U.S. SECURITIES AND EXCHANGE COMMISSION
Litigation Release No. 21954 / May 3, 2011
Securities and Exchange Commission v. Patrick M. Carroll, James P. Carroll, William T. Carroll, David A. Stitt, John P. Monroe, Stephen Somers, David Mark Calcutt and Christopher T. Calcutt, 3:11-CV-00165-JGH (W.D. Ky. March 17, 2011)
SEC Charges Kentucky Steel Company Executives With Insider Trading
On March 17, 2011, the Securities and Exchange Commission charged four executives at a Louisville-based steel processing company and four of their family and friends with illegal insider trading in advance of the company’s acquisition.
The SEC alleges that Patrick Carroll, William “Tad” Carroll, David Mark Calcutt and David Stitt – who are vice presidents of sales at Steel Technologies – traded based on confidential information about their company’s acquisition by Mitsui & Co. (USA) Inc. Three of the four executives illegally tipped family members or friends. The ring of eight traders together purchased $578,000 of Steel Technologies stock in the month prior to the public announcement of the acquisition and made $320,000 in illegal profits.
The SEC alleges that Patrick Carroll tipped his son James Carroll, and Calcutt tipped his brother Christopher Calcutt. David Stitt tipped his friend John Monroe, who then tipped another friend Stephen Somers.
According to the SEC’s complaint filed in U.S. District Court for the Western District of Kentucky, Patrick and Tad Carroll are brothers of Michael Carroll, who is the president and chief operating officer of Steel Technologies. Patrick traded after Michael introduced him to Mitsui representatives who were touring the Steel Technologies facility where Patrick worked. Patrick tipped his son James, who then purchased his own Steel Technologies stock shortly before the acquisition was publicly announced. Tad bought more than $84,000 of Steel Technologies stock approximately one week before the public announcement following his own communications with Michael.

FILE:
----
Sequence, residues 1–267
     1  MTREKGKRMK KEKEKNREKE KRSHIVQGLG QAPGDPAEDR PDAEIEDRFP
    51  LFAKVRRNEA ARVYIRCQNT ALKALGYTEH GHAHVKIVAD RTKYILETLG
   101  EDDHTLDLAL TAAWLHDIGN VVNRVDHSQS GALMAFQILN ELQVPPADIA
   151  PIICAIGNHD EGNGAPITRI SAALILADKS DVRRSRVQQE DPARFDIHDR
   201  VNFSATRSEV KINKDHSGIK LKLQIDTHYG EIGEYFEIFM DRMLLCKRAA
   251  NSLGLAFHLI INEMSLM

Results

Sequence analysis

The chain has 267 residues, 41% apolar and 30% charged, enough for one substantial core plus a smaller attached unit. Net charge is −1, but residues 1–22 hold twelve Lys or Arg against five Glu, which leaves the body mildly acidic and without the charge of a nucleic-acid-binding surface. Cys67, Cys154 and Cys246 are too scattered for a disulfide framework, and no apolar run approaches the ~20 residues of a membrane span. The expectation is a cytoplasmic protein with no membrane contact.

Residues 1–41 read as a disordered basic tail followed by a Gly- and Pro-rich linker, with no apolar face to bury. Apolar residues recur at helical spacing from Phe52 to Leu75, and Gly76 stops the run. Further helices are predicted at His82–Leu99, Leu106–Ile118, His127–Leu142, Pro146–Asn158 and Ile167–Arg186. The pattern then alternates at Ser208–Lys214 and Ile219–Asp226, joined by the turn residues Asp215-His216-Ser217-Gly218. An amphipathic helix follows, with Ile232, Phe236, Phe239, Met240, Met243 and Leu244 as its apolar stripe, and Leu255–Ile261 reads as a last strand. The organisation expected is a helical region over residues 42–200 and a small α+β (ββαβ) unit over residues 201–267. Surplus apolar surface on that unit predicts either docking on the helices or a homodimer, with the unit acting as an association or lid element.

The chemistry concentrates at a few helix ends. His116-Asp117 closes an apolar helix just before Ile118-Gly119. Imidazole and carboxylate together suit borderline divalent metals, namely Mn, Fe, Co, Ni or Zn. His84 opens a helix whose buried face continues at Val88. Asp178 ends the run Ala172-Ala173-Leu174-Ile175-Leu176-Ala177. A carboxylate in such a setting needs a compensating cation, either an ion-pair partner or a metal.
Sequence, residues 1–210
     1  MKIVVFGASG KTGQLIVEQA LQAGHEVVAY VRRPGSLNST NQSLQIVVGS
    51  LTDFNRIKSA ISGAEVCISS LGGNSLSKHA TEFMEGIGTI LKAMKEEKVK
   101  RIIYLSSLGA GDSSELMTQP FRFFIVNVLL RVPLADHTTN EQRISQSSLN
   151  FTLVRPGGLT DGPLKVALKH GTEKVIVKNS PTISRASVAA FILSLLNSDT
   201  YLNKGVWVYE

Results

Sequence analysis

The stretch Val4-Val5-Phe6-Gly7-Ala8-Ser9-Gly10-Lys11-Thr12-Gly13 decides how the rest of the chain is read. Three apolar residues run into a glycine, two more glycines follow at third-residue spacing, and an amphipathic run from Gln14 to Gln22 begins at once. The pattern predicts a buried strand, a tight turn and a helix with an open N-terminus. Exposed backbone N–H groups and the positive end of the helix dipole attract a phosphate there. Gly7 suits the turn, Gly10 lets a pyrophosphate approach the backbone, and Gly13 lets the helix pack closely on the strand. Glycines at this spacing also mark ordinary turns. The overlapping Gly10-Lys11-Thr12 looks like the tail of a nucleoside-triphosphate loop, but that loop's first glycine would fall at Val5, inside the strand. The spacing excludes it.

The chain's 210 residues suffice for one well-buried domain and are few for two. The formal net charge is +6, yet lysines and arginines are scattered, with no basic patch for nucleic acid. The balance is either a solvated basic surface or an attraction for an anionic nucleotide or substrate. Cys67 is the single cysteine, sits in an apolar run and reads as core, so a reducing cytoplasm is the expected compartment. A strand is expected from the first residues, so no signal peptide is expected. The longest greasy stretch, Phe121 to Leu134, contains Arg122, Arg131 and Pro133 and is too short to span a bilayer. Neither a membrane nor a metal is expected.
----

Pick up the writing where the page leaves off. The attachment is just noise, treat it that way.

The SEC alleges that before getting inside information about the forthcoming acquisition, Calcutt liquidated nearly all of his company stock. However after he went on a hunting trip with Michael Carroll, Calcutt soon started aggressively buying Steel Technologies stock at higher prices. He also tipped his brother Christopher Calcutt, who then sold all of his shares in another company for a loss and used that money to buy Steel Technologies stock on margin to increase his illicit gains.
According to the SEC’s complaint, Stitt, Monroe and Somers have known each other since childhood. Stitt learned about the forthcoming acquisition on the Friday before the public announcement and immediately purchased Steel Technologies stock that same day. Over the weekend, Stitt told Monroe about the forthcoming acquisition. On Monday, Monroe passed the inside information to Somers. That same day, Monroe told his broker to immediately open a new account so he could buy Steel Technologies stock. Somers also immediately traded based on the inside information. During the SEC’s investigation, Stitt and Monroe contradicted each other’s testimony about their communications and advance knowledge of the acquisition.
The SEC’s complaint charges the eight defendants with securities fraud in violation of Section 10(b) of the Securities Exchange Act of 1934 and Rule 10b-5 thereunder. The Commission seeks permanent injunctive relief, disgorgement of illicit profits with prejudgment interest, and the imposition of monetary penalties against all defendants.